Pierre is forty-or-so, weary and more and more circumspect about the vacuity of his everyday life: his wife Béné who devotes herself to coaching, his job of consultant in the process of becoming external collaborator at Right-In-The-Middle-Consulting, the Pongibauds who come to dinner three times a week, the pike for New Year's Eve, holidays in Villefranche-de-Rouergue, in short a deep boredom.
Sergio Ceccotti likes the long urban walks off the beaten track, preferably on Sunday when offices and shops are closed, devoid of their function and of the human bustle. In the course of his wanderings, he finds the settings, like a moviemaker in scouting, in which he dramatizes his stories of everyday life, anecdotal and harmless in appearance. Because the simple evidence of the narrative weft is disturbed by the incongruous presence of a common object or by the coexistence of secondary plots.
That sinless Paradise, full of furtive pleasures,
Is it farther off now than India and China?
Moesta et Errabunda (Grieving and Wandering), Charles Baudelaire
IIt was after a visit to an exhibition at the Louvre on the French and Chinese imperial courts in the eighteenth century that I started this series.
II was particularly struck by the portraits of the emperor Qianlong (and later by those of his wife the empress Xiao Xian) painted by the jesuit Giuseppe Castiglione. These were frontal portraits with no modelling or chiaroscuro, which the emperor thought made his face look dirty, combined with the attention to detail and fabric typical of renaissance painting. There were also an impressive series of portraits of the horses that the emperor had received as gifts.
The Frac Franche-Comté proposes to discover a selection of figurative paintings from its collection, questioning the richness and the permanence of this medium.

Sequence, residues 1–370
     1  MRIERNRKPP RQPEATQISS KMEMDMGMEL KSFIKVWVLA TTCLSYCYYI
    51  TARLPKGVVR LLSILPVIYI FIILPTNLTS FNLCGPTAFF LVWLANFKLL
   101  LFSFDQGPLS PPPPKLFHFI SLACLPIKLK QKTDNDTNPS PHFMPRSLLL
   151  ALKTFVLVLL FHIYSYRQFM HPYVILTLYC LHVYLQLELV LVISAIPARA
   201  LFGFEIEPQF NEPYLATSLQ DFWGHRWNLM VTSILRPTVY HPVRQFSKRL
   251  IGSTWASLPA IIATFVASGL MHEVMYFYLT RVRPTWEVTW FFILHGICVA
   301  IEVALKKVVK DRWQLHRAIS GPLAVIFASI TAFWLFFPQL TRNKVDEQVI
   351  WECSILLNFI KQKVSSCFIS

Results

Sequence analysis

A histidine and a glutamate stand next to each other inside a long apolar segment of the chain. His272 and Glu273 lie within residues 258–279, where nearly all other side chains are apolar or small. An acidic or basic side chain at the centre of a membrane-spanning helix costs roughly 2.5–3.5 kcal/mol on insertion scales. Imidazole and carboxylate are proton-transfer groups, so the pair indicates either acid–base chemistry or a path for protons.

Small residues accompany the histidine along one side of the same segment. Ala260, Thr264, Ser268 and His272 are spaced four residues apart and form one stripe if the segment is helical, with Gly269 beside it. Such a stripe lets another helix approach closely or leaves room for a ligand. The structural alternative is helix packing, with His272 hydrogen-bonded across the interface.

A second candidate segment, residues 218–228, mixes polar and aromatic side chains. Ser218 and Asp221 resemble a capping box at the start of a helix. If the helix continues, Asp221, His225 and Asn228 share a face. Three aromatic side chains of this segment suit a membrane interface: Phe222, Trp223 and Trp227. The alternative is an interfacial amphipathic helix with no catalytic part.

A multitude of references, a rush of words, often troubling works of art… Red unleashes passion. Why expect otherwise? Red evokes something out of the ordinary.
The "Sacré blanc! Hommage à Thomas Gleb" exhibition compares Gleb’s work with the productions of 50 or so contemporary artists on the themes of the colour white and the sacred.
During a car ride with his ill mother, Pierre, an artist always complaining, has an idea. That day, he decides to begin at last something serious: to paint a cycle of 121 portraits of women and men of his time, each one represented by a kind of CV; a “tombeau”, in the musical sense of the word, is a solemn tribute to living or dead people.
Timed to the 6oth anniversary of the master, the opening of a retrospective exhibition entitled The Price of Freedom and presentation of the first two-volume book by Ivan Lubennikov, the People’s Artist of the Russian Federation, Corresponding Member of the Russian Academy of Arts, Professor of V. Surikov Moscow State Academy Art Institute will take place in the Central Artist’s House on October 21, 2011.
This exposition covers her work produced from 2009-2011. In keeping with her former work, there are several paintings of sleepers. The other figures who are awake give the impression of desiring to prolong the contentment they had known during their "deep sleep." They linger in bed with a book or occupy themselves with television while drinking their coffee or tea in the morning. They are not manifestly driven to prepare themselves to go out and confront the outside world. Each live solely in this privileged and psychologically timeless moment. All is simple and intimate once more.
French painter, Monique de Roux has lived for a long time in Panama; the memory of this stay still impregnates her works. The luxuriance of these landscapes drenched with light is the equatorial backdrop of her timeless visions of this strange eldorado.
Based on the collection of the FRAC Haute-Normandie and curated by Marc Donnadieu, the "Doublures" exhibition displays a selection of drawings, sculptures, photographs or videos using cotton or fabric.
The Musée d’Évreux and the Frac Haute-Normandie present at the Ancien Évêché an exhibition called "Memento Mori (jusqu’à que la mort nous rassemble...)". Based on the idea of cabinets of curiosities, it shows artworks linked to death and grief from the collections of the Musée d’Évreux, the Frac and private collections.
British painter born in 1964, Ray Richardson presents his recent paintings at the Alain Blondel gallery for the first time for six years. The title of this exhibition, “Music for pleasure”, is an ironic reference to some “easy listening” music of the 1970’s. It is a way of reminding that painting is a visual pleasure but it must also provokes reactions, emotions and a reflexion about ourselves.